(c) a gain controller connected to the microphone, said sample holding circuit and said speech recognizer for amplifying the spoken instruction signal outputted from the microphone at the gain determined on the basis of the averaged background noise level signal obtained when the second command signal is outputted from said controller to said sample holding circuit, in such a way that the gain is inversely proportional to the averaged background noise level.
3. A speech recognition system for an automotive vehicle which can activate an actuator in response to a spoken instruction inputted through a microphone which comprises:
(a) a recognition switch for outputting a recognition switch signal when closed; and
(b) a microcomputer connected to said recognition switch for detecting the background noise level outputted from the microphone in response to the recognition switch signal, averaging the detected background noise level, determining whether or not a predetermined time period has elapsed, if elapsed adjusting the gain, at which the spoken instruction outputted from the microphone is amplified, to an appropriate level on the basis of the averaged background noise level obtained when the predetermined time period has elapsed in such a way that the determined gain is inversely proportional to the detected background noise level, amplifying the spoken instruction inputted through the microphone after said recognition switch has been released, and activating the actuator when the spoken instruction signal amplified on the adjusted gain is determined to be resemble to that previously recorded in the system.
4. A speech recognition system for an automotive vehicle as set forth in either claim 1 or 3, wherein the predetermined time period between the first and second command signals is approximately from 50 to 200 milliseconds.
5. A speech recognition system for an automotive vehicle as set forth in either claim 1 or 3, which further comprises an indicator for indicating that the gain, at which the spoken instruction signal outputted from the microphone is amplified, is fixed at an appropriate level on the basis of the averaged background noise level obtained after said recognition switch has been released.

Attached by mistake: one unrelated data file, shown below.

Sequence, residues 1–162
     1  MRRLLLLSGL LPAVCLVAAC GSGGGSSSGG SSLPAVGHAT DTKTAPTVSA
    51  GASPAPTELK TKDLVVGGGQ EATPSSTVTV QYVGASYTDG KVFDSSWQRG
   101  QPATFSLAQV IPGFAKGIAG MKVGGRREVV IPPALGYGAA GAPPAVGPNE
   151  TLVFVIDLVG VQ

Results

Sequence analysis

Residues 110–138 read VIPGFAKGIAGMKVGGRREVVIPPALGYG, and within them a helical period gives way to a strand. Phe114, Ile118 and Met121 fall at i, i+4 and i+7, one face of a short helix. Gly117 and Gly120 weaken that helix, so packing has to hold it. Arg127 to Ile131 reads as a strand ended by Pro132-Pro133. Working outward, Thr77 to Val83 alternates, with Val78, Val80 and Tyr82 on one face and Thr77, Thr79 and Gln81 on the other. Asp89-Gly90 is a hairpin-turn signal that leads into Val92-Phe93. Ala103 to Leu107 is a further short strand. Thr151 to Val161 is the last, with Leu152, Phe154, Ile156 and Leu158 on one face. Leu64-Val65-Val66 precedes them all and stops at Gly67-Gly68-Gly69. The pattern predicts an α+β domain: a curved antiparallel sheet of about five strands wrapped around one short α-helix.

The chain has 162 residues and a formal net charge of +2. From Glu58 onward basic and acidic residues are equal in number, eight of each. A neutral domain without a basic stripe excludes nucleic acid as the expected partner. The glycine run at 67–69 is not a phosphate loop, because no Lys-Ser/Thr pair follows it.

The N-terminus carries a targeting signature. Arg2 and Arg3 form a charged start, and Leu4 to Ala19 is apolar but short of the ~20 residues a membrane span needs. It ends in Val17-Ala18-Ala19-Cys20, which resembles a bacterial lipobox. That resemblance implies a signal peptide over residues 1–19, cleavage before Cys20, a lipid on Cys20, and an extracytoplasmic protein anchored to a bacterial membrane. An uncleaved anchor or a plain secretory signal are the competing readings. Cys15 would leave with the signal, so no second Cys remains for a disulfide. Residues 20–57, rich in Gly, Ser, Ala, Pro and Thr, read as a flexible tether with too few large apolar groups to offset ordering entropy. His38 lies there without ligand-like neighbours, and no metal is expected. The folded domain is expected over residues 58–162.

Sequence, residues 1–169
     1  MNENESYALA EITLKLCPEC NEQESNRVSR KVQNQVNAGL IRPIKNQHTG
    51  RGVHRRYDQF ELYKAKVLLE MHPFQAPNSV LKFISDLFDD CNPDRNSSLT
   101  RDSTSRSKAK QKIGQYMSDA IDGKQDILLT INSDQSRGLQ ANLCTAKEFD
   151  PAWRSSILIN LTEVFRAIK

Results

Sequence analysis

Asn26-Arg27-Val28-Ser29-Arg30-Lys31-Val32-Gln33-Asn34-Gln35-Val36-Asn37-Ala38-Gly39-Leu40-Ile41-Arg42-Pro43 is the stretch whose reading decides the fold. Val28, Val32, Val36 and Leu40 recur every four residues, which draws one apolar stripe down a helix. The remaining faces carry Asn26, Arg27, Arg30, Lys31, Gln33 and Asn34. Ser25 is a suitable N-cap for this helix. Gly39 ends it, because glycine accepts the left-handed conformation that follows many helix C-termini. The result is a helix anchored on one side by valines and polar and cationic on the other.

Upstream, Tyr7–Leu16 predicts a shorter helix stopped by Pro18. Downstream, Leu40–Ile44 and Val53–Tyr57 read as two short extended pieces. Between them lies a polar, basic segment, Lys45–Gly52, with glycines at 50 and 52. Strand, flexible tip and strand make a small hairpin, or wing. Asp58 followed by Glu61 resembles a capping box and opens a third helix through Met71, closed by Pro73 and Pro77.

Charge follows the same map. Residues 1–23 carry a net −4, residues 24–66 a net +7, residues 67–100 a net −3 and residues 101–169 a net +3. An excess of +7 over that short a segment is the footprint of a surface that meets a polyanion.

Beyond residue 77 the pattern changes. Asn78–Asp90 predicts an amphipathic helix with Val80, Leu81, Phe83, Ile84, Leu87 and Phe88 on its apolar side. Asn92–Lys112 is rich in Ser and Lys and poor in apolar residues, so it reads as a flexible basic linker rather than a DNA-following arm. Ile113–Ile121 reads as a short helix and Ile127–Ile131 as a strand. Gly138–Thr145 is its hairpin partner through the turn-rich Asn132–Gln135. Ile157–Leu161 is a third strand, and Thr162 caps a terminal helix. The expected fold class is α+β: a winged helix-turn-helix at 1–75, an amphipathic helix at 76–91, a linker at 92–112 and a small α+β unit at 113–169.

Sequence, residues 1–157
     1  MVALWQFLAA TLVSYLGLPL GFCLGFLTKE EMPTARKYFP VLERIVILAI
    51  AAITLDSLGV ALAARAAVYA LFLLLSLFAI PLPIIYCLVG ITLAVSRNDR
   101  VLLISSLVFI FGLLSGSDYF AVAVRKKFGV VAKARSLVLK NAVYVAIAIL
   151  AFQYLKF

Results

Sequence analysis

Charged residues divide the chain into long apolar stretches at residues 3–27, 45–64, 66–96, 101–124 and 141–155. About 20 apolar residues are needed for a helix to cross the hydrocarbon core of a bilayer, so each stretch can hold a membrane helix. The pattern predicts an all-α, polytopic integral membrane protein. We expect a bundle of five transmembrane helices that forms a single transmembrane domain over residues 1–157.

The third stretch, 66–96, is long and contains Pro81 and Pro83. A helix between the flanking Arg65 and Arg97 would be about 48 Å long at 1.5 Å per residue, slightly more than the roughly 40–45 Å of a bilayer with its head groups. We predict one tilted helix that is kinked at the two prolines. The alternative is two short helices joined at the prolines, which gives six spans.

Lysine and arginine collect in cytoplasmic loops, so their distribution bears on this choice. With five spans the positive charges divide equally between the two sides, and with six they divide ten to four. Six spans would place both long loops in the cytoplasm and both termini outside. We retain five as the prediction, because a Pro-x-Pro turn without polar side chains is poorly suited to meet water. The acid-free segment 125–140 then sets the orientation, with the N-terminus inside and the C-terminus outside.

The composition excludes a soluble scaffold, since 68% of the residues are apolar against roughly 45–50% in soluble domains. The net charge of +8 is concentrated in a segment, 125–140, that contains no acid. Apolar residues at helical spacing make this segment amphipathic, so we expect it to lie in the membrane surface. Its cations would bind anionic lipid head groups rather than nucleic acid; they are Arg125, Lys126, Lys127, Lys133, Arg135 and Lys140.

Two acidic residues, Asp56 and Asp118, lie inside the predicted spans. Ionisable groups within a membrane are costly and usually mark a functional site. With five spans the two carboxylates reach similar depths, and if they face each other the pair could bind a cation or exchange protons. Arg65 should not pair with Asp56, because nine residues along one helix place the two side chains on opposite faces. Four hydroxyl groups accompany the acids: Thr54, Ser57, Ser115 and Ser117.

6. A method of amplifying the spoken instruction signal including noise outputted from a microphone in a speech recognition system, which comprises the following steps of:
(a) detecting that a recognition switch is turned on and then off;
(b) inputting background noise signal through the microphone in response to the detected recognition switch signal;
(c) averaging the inputted background noise signal;
(d) determining whether or not a predetermined time period has elapsed;
(e) if not elapsed, continuing inputting background noise signal and averaging the inputted background noise signal;
(f) if elapsed, determining the gain at which the spoken instruction signal is amplified at an appropriate level on the basis of the averaged background noise level obtained when the predetermined time period has elapsed in such a way that the gain is inversely proportional to the averaged background noise level;
(g) setting the determined gain in the system; and
(h) amplifying the spoken instruction inputted through the microphone at the set gain, in order to reliably recognize the spoken instruction signal including noise.
Description
BACKGROUND OF THE INVENTION

1. Field of the Invention